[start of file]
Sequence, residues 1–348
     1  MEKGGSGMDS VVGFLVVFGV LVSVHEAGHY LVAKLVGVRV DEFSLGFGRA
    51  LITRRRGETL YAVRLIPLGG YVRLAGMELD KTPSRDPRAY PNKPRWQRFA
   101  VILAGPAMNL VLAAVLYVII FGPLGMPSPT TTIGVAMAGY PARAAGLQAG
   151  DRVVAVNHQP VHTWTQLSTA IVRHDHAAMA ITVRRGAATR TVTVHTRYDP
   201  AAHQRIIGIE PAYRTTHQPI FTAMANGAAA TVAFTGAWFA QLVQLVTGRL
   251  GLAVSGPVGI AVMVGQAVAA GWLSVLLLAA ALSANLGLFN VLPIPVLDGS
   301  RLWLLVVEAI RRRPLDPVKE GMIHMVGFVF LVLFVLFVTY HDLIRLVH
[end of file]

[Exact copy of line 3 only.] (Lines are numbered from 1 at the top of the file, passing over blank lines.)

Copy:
    51  LITRRRGETL YAVRLIPLGG YVRLAGMELD KTPSRDPRAY PNKPRWQRFA